yielding around 100 t/ha ( Vilhena, Câmara, & Kakihara, 2000). Our previous study demonstrated that the consumption of ITF-containing yacon flour (YF) enhanced the calcium (Ca) and magnesium (Mg) balance Ceritinib price in healthy growing rats, contributing to a higher bone mineral retention and strength (Lobo et al., 2007). These effects were accompanied by an increase in caecum weight and in the number and depth of crypts, as well as in the number of bifurcated crypts, thus suggesting an increment in the absorptive surface. It seems likely that these effects contributed to a larger absorption and bioavailability of minerals in YF-fed animals (Lobo et al., 2007). In the present study, we evaluated the effects of supplementing a diet with ITF-rich YF on the bioavailability of iron (Fe) from ferric pyrophosphate (FP; Fe4(P2O7)3; a water-insoluble compound) in a rat model of Fe-deficiency anaemia. Intestinal parameters (caecal weight, caecal content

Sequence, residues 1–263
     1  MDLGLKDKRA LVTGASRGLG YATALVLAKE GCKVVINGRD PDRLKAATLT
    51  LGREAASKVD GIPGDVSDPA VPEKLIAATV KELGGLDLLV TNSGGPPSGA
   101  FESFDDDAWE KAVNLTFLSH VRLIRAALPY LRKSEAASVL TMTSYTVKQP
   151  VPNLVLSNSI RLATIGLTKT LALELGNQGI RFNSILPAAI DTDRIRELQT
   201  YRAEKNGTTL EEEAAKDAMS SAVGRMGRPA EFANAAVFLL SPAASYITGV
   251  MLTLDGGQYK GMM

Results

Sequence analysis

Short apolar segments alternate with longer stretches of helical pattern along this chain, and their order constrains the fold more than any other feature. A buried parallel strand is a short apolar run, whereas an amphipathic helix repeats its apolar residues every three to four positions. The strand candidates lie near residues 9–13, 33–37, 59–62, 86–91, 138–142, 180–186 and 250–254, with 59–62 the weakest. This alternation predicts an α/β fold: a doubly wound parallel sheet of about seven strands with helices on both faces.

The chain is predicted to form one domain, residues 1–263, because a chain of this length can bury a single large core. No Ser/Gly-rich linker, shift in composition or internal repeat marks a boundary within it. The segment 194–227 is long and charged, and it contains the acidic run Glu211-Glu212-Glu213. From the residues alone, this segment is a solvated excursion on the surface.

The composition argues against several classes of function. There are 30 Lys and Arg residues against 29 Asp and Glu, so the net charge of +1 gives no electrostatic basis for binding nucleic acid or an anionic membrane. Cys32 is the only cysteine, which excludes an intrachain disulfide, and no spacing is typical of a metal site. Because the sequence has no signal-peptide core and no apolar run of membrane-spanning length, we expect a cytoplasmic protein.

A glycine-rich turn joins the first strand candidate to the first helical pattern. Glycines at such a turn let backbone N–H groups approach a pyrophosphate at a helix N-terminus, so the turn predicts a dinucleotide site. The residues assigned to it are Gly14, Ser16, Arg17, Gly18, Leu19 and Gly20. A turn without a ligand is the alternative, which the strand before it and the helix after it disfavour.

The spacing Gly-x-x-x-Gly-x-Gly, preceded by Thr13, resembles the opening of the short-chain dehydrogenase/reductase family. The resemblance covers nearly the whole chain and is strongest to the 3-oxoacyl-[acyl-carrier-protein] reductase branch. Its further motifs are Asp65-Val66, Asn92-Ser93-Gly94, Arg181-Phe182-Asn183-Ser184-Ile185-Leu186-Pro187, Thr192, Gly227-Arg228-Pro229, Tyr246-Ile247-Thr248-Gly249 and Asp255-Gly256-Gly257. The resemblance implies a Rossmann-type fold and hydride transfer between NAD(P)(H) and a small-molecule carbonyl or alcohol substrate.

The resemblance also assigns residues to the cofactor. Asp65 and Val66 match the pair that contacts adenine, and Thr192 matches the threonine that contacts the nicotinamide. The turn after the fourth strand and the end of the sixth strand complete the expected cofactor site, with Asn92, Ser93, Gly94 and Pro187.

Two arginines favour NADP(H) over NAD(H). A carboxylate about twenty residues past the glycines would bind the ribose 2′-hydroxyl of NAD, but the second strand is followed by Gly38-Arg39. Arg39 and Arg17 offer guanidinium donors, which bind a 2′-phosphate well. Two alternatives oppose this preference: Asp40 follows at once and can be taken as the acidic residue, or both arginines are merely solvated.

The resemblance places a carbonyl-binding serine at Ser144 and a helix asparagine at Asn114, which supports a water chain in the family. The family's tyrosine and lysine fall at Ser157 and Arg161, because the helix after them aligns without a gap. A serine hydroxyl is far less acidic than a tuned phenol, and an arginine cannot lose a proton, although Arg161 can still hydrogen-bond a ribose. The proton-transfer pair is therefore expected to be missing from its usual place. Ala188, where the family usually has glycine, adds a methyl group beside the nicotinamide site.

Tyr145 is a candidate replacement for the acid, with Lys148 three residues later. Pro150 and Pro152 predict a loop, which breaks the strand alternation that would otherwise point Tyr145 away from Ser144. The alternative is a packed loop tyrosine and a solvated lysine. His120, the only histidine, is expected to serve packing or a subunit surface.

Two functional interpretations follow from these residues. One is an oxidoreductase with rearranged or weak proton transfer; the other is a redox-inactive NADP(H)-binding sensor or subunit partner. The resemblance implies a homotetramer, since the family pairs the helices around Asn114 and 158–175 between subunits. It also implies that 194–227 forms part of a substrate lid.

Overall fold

pH and SCFA production) were assessed as a measurement of ITF fermentation in rats. Furthermore, Enzalutamide supplier Fe status alterations induced by YF consumption were compared with those obtained by consumption of a purified source of ITF (Raftilose P95; RAF; Orafti-Active Food International, Tienen, Belgium). The experimental protocol was approved Org 27569 by the Commission on Ethics in Animal Experiments of the Faculty of Pharmaceutical Sciences of the University of São Paulo (FCF/USP) (CEEA 88/2005 FCF-USP) according to the guidelines of the Brazilian College on